Minnesota legal loophole could stir up THC trouble for hemp vapes

A Minnesota court says that a liquid mixture containing THC, even if it is derived from hemp, is a Schedule 1 Controlled Substance under state law.

The state Court of Appeals made the ruling when it upheld a criminal conviction.

Justices said that tetrahydrocannabinols are included under the state’s Controlled Substances Act. They ruled that the law does not make any exception for hemp or for a substance or mixture with a concentration of 0.3% delta-9 THC or less on a dry-weight basis, said cannabis attorney Neil Willner with New York law firm Royer Cooper Cohen Braunfeld LLC.

The criminal case involved a man convicted of two counts of possession in June 2019, including one for possession of leafy plant material and the other for possession of vape cartridges.

In his appeal, the man argued that the state needed to prove that the leafy plant material and the vape cartridge each contained more than 0.3% THC.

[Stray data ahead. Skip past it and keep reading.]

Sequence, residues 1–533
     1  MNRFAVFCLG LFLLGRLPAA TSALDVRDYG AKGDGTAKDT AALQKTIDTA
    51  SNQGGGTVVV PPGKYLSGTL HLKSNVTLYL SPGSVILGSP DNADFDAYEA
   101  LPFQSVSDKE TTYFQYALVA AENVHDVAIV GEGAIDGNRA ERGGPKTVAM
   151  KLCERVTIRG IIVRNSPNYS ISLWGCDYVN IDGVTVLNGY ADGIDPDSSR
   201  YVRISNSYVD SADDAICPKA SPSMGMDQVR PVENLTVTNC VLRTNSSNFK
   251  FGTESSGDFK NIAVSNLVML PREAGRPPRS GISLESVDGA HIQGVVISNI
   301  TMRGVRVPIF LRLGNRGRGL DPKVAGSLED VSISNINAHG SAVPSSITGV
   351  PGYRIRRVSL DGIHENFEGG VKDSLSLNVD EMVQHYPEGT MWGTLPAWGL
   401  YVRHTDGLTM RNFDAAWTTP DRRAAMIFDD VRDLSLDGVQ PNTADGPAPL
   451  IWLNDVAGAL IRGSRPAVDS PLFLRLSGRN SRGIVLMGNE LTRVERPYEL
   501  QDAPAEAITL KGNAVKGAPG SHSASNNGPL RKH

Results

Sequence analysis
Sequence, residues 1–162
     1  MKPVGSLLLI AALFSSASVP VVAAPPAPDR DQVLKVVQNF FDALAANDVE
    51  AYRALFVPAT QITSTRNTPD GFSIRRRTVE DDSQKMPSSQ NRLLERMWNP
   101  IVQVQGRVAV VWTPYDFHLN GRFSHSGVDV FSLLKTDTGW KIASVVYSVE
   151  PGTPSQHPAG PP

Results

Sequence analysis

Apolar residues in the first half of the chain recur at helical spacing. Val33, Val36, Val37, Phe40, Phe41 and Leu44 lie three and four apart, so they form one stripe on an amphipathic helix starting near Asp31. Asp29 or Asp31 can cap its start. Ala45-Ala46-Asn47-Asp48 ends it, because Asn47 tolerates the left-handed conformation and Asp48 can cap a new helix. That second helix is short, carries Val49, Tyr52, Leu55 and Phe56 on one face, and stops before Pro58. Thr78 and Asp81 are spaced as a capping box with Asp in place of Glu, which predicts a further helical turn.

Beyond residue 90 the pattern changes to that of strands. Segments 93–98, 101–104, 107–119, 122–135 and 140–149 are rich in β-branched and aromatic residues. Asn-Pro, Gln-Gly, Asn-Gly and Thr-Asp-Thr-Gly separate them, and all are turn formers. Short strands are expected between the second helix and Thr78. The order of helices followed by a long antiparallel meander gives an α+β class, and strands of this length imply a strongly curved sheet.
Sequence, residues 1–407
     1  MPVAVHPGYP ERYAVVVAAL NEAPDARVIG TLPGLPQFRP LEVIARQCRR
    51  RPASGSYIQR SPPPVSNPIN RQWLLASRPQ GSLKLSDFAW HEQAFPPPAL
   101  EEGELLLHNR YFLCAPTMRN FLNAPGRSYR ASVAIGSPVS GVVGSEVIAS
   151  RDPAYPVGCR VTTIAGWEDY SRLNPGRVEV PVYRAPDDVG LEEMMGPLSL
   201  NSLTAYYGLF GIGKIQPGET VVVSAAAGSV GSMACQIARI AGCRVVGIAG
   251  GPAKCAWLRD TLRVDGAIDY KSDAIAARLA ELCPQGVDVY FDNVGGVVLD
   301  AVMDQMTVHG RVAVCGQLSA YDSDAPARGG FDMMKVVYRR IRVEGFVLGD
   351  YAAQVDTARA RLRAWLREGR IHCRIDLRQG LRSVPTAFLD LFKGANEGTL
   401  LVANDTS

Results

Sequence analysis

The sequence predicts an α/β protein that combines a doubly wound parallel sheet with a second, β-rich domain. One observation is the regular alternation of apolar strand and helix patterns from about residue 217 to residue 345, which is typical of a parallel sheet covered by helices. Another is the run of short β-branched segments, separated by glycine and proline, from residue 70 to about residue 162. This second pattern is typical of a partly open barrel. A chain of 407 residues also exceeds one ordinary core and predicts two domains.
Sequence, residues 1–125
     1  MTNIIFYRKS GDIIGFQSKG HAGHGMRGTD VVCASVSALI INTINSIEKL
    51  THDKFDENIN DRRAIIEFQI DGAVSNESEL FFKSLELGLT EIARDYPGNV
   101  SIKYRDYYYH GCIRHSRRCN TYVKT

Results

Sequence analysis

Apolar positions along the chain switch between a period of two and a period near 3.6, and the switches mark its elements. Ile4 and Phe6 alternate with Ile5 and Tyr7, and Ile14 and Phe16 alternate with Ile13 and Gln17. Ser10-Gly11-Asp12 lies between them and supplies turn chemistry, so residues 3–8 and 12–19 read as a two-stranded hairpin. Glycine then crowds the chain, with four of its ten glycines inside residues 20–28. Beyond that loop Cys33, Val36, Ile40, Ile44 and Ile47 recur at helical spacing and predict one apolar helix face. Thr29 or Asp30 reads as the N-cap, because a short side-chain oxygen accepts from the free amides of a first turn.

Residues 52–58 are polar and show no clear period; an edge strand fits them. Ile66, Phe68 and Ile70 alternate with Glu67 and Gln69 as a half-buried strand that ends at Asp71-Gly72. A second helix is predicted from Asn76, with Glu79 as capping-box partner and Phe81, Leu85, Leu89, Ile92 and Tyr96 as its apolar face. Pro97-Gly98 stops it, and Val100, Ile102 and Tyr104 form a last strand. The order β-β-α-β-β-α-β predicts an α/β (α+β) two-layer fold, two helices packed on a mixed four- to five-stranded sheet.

He was cleared on possession of the leafy plant material because the forensic scientist on the case didn’t test its concentration. But the court upheld the verdict on the vape possession charge because the state’s 0.3% THC threshold only applies to “leafy plant material” and does not include liquids.

While the federal government’s rewrite of the Schedule 1 definition prohibits possession of THC, “except for tetrahydrocannabinols in hemp,” Minnesota lawmakers left out that language in its Schedule 1 statutory rewrite, setting it apart from federal law, explained Judge Matthew E. Johnson.

The court’s decision could have a far-reaching impact on the Minnesota hemp industry, Willner said.

“Every hemp processor or product manufacturer, or even anyone who possesses any hemp liquid product in the state, could be subject to criminal penalty, as absurd as it sounds, simply because CBD tinctures or vape cartridges, if they contain a full-spectrum extract, have minimal amounts of THC,” Willner told Hemp Industry Daily.

Separately from the possession case, Willner said Minnesota law “provides that a product containing nonintoxicating cannabinoids may be sold for human or animal consumption, so long as certain testing and labeling requirements are met.”

Accordingly, Willner added, the Minnesota Board of Pharmacy has interpreted that to prohibit delta-8 THC, as an intoxicating substance that “cannot be directly extracted from hemp in any significant quantity.”